| Six Circles en Contorsion. When I pressed a button,
they all moved around and changed shape.
MALBA: This is the museum of Latin American art. This is by far the most famous museum for art in Buenos Aires. Inside, art of many different styles could be seen. Graphic pieces of protests were alongside works of many bright colors. Some pieces moved when you pressed a button, evoking different shapes or illusions. My favorite part of the museum came from an interactive room. It was a pitch-black wind tunnel, with the instructions being only to enter, and to let your senses lead you toward the end of the path. I walked into the room, and immediately let the wind guide me. As I moved around, I realized that I kept running into walls, in which case I would change my direction. After a few minutes wandering around, I realized that I was in a square box no bigger than a bedroom, completely contrasting the long path I believed I had taken inside the wind tunnel.
| In La Menesunda, where I felt
temporarily gross in this room
MAMBA: This is the museum of modern art. Similar to MALBA, there were many different styles of art, from many different time periods. The most interesting part of the museum was another interactive work. It was by Marta Minujin, one of the most famous artists in Argentina. La Menesunda was an art piece that attempted to appeal to all of the senses. In one room, giant plastic sausages came down from the ceiling, and a rotting smell surrounded the room. In another, a couple lying in bed in underwear made me instantly uncomfortable. Even though that was discussed in my art class, I instantly became uncomfortable and left that room.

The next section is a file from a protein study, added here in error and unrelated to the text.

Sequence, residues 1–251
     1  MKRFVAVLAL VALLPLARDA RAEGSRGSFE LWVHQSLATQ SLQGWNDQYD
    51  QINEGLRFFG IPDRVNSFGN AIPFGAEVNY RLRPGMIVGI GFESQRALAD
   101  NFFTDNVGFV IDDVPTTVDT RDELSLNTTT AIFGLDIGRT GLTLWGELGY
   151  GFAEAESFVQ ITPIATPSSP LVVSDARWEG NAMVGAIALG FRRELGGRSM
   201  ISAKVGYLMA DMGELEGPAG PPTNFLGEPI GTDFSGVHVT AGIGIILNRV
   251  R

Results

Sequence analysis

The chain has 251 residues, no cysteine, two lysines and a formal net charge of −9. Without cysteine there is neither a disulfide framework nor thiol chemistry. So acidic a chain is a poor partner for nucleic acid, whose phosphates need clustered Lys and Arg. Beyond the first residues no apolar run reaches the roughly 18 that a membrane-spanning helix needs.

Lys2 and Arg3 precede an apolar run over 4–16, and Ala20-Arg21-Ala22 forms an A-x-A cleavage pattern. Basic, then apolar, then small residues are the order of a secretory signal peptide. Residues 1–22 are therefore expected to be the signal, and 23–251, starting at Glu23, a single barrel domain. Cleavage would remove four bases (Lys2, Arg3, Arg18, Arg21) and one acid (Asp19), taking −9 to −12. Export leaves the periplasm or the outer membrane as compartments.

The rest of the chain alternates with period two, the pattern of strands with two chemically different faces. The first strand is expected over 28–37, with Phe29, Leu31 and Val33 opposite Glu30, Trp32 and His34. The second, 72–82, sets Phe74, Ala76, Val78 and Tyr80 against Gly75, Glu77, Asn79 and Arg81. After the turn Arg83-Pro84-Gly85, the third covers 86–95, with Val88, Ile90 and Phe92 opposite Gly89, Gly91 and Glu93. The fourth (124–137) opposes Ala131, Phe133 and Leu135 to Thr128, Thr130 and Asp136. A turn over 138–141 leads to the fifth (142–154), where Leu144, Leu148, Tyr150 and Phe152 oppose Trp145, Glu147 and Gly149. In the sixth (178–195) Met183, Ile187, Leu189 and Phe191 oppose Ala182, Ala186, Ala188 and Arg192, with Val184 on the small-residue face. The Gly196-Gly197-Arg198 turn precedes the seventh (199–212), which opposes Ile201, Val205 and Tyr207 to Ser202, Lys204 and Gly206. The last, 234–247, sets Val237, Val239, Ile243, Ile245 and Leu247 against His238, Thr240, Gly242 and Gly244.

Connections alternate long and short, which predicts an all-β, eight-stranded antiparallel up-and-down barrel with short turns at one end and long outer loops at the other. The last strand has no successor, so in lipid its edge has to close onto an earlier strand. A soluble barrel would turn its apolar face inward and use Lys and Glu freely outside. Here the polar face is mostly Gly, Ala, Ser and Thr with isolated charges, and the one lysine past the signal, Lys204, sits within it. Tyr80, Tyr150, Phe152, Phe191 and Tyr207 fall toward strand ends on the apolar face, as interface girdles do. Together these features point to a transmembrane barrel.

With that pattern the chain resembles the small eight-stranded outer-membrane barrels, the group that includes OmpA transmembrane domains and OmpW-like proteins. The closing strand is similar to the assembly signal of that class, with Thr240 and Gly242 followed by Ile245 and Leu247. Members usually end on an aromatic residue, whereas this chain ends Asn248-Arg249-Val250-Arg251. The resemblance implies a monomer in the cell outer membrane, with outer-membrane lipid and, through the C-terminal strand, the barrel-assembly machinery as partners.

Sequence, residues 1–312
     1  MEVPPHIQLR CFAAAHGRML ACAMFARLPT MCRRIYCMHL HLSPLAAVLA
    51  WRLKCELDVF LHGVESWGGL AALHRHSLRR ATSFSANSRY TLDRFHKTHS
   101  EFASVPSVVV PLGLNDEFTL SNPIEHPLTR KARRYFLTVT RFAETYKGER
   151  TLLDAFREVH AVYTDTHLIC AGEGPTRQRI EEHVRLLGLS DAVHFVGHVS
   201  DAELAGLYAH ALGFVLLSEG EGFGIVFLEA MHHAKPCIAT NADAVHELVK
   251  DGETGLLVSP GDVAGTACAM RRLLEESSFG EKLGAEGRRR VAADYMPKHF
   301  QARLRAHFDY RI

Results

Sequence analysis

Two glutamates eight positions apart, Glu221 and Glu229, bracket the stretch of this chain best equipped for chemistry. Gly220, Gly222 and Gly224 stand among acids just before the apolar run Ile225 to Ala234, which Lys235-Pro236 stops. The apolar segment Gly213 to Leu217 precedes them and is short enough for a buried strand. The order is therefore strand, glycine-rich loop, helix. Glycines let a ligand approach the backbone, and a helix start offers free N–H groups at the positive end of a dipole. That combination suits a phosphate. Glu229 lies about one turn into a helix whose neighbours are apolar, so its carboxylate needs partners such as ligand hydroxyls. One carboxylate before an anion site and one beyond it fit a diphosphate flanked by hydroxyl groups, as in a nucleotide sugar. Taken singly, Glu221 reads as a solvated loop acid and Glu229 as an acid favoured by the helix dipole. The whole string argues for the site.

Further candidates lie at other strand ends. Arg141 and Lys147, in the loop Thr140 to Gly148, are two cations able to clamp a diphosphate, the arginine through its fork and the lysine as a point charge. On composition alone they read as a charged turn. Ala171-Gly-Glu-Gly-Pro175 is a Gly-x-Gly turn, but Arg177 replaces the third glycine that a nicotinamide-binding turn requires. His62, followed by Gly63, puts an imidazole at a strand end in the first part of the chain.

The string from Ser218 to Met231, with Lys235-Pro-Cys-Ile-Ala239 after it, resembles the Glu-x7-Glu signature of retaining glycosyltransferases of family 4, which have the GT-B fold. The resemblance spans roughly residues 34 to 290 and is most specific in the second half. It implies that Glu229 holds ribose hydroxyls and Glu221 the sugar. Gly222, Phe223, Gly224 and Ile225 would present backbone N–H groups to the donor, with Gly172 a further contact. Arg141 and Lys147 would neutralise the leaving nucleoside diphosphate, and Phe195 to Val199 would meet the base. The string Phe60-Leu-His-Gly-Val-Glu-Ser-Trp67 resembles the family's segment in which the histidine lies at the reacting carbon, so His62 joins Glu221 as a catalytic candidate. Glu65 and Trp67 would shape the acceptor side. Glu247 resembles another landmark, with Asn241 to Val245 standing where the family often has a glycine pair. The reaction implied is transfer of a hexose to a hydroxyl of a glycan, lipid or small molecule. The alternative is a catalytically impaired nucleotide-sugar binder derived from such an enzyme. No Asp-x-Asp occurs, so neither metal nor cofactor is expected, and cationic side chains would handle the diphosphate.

Evita Museum: The fervor surrounding Evita in Argentina is simply indescribable. Inside the museum, Evita’s life and works are demonstrated to attempt to show why she is an idol in the country. As First Lady, Eva Peron became an idolized figure throughout the country through her works with the poor. A few years after her popularity in the country was solidified, she passed away of cancer at a young age. Because of her immense popularity, her body was embalmed and preserved so that it wouldn’t deteriorate. After a military coup d’état, her dead body was stolen and hidden in Italy because it was worried that the body would be a rallying point for a revolution. After the military was taken down, her body was returned to the most famous cemetery in the country. Each day, dozens of people leave flowers at her grave for what she did as First Lady, demonstrating her influence some 60 years after her death.
Eric Straka is the Fall 2015 MOJO Blogger in Buenos Aires, Argentina. He is currently a Junior at the University of San Diego.
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